The cost of equipment failure is shocking, so implementing a strong equipment maintenance strategy is critical. At the start, you can simply develop maintenance management schedules for your equipment and then automate them. But you need to do more to ensure long-term successful.
What are some factors you need to consider to increase overall equipment effectiveness (OEE)?
Here are three key elements to focus on.
Developing an equipment maintenance strategy: 3 considerations
1. How do you align maintenance tasks to different types of failures?
Each time you take apart a complex machine and put it back together, you have the potential to introduce new problems. You started with the intention of fixing it, but in the process run the risk of creating more issues.
While a good preventive maintenance program should be the cornerstone of your strategy, you need to find the optimal frequency for each type of equipment.
This is known as reliability centered maintenance, and it requires a deeper understanding of each piece of equipment and its potential failure points. Starting with failure modes and effects analysis (FMEA) is crucial to creating an effective long-term equipment maintenance strategy.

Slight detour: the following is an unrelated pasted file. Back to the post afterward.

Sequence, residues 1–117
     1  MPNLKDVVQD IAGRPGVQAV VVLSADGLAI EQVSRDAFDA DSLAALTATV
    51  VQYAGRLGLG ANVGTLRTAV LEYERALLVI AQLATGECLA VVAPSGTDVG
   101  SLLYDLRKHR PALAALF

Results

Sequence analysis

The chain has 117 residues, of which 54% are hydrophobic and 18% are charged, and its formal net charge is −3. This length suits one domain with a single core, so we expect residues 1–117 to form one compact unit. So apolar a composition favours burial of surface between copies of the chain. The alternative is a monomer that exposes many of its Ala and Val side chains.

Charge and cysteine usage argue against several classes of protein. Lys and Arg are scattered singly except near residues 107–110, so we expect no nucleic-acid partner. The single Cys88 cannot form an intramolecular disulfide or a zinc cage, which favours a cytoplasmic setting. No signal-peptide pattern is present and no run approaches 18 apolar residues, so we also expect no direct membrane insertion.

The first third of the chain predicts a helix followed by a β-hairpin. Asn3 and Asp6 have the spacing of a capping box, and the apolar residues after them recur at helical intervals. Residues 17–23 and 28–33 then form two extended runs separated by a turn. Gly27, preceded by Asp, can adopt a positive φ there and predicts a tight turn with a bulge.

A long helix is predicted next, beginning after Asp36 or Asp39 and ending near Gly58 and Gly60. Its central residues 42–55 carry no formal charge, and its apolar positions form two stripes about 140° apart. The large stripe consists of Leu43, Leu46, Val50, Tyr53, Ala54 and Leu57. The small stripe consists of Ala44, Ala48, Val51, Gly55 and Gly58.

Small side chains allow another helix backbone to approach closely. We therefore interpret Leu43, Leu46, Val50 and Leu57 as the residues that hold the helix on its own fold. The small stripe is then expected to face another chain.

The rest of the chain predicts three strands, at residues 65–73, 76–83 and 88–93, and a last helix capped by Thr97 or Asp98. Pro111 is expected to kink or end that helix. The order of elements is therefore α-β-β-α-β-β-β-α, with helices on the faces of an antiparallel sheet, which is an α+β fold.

Developed in 1978, the Nowlan and Heap curves show different equipment failure patterns. Some are age-related failures, which don’t require any intervention until they reach a wear-out point. Understanding that a certain piece of equipment falls in the category of age-related failure helps you save unnecessary servicing costs while reducing the risk of introducing new problems.
Other failure patterns occur randomly, making it impossible to determine the mean time between failure (MTBF). In fact, 80% of failures fall into this intermittent category. In this case, a regular maintenance schedule can only minimize the likelihood of failures to some extent. To avoid falling into the trap of reactive maintenance for these issues, it’s more effective to rely on condition-based maintenance.
You can use inspection logs to regularly record details that indicate potential failure, such as vibration, friction, and fluid levels.
Predictive maintenance is a more advanced form of condition-based monitoring. It uses Industrial Internet of Things (IIoT) sensors embedded in equipment to continuously collect data.
Once you map the failure pattern to each piece of equipment and identify the right strategy to address it, you also need to remove any redundancies. For example, you may not need both a preventive and predictive approach for the same machine. Eliminating redundancies will make your equipment maintenance strategy more cost-effective.
2. How do you accurately anticipate failures before they occur?
While the ability to predict failures is certainly appealing, it’s important to remember that its success is closely tied to data availability. Machine learning algorithms that form the basis for predictive maintenance give better results as they learn with more data samples.